Early, Old, Young and Empty
T here are stark differences between young and old, early and late, empty and full. And nowhere are those contrasts more vivid than in the outdoors.
If you’re 40 miles offshore late one afternoon and your ice chest is empty, it’s not been a good day of fishing. If you’re in that same boat and the ice chest is full but the fuel tank is empty, your day just got worse—and longer.
That happened to me once during a billfish tournament. The boat’s owner/captain, a pretender in hindsight, assured us he’d topped the tank and calculated how much fuel we’d need to fish all day. We’d make port that evening, he assured, with nearly a quarter tank in reserve.
The man was an accountant by profession and a good one, but he was way better at counting dollars than gallons.
It was nearly dark, about nine miles off Port O’Connor, when the “You’re out of gas, dumbass” buzzer sounded. The three of us who weren’t in charge looked at the man who was, but he wouldn’t look back.
On his sixth phone calls to “great friends” he believed would leave their homes and families, launch their boats, ride out to us and tow his fuel-less boat back to port, he found a sucker. Four hours after that, we were back at the dock. Ten minutes after that, I shook that owner/captain’s hand for the last time.
Early to bed and early to rise encourages health, wealth and wisdom, so the adage goes. Late to bed and late to rise works well for teenagers on weekends and retirees pretty much any day, but that’s a bad schedule for fishing unless the only species you chase are bonefish and permit.
While I was writing for the Houston newspaper, Joe Doggett and I made several trips to The Bahamas. On my first, Doggett explained that bonefish were best stalked under high sun. No need to answer any early alarm, he said. The fish move with the tide, not the sun.
Which is true, but where there are bonefish, there also tend to be barracudas eager to dine on those silver bullets. Big ‘cudas, too, exciting fish in shallow water.
Our guides were young, but had no interest in launching before full sun to chase anything not wearing a skirt. After I repeated a story one of those Bahamians told me; however, Doggett agreed to rise just before dawn and plug a flat near the airstrip on Walker’s Cay.
We took casting rods and topwaters, and witnessed (for several mornings in a row) some of the most violent strikes I’ve seen.
In gray light, the blasts startled us. We couldn’t see the fish coming, but we certainly knew when they arrived. As the sky brightened, we could see those sleek barracudas streaking toward the lures and, without hesitation, slamming headlong into them.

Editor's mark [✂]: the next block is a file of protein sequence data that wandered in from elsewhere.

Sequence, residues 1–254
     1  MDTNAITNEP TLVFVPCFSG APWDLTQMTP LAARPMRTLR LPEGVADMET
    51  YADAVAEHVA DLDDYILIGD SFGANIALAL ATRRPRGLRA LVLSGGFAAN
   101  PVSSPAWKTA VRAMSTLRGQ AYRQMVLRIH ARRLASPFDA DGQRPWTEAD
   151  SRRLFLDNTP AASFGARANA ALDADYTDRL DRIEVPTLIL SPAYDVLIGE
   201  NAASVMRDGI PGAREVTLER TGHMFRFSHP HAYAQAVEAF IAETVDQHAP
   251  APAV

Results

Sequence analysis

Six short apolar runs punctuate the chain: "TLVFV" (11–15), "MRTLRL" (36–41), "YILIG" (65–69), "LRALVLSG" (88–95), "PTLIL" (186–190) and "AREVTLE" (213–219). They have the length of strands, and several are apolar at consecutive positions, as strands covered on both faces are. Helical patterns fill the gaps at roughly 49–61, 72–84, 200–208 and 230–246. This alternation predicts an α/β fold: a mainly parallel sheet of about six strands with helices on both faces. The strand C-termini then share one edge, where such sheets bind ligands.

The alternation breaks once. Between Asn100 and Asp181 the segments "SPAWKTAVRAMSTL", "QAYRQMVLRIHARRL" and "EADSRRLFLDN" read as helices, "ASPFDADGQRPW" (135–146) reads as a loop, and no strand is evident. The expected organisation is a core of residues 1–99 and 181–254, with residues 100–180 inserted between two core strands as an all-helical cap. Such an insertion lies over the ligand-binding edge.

That final pairing, young and old, is the one that bothers me—mostly because I’m way nearer the latter than the former. It once was easy to dismiss the occasional gray hair atop my head or sprouting within an ear or nostril, but no more. They don’t outnumber the darker ones yet, not anywhere, but the blond tide fell slack a couple of years ago and has switched now to a silver incoming.
There are advantages to seniority that reach far beyond those discounts where you can eat an unhealthy but satisfying breakfast on the way to a proper fishing or hunting trip.
Deliver the right phrase with the right emotion and overacting, I’ve learned, and you can get young people to do just about anything. Most hunters and fishermen, in addition to safety and etiquette, were taught to respect their elders. I was, as were all the people with whom I’ve fished or hunted more than a couple of times.
So are their sons and daughters, as is my son, being raised to believe that old folks know a lot and deserve special consideration. Seniors have stories to tell, sometimes over and over and over. They’re like gurus or doctors or teachers. They merit respect, even if we’re meeting them for the first time.
So if you find yourself in the position of camp elder, milk that status for its full value. Squeeze that thing and yank it dry.
“Could one of you fellows lend a hand with this duffel,” I may ask as we unload the truck. “My back [reach hand around and tap the spot just above your middle belt loop] has been acting up, and I don’t want to risk missing the chance to hunt with you guys. Who knows? Could be my last trip.”
In the evening, you can save some energy and see more of that Gunsmoke rerun with this one.
“Would somebody kindly go into the kitchen and get me another piece of that cherry pie? My foot’s a little tender, and I probably should keep it propped on this ottoman.”
Aging is not especially fun if the only thing you look at is your age. Our physical tanks may be running close to empty, but getting where we’ve been, down so many outdoor paths has filled our hearts and minds with great memories.
Next time you’re in a room with a bunch of younger people, tell them a few fishing and hunting stories—after they bring you some cherry pie.
Email Doug Pike at
Email Doug Pike at ContactUs@fishgame.com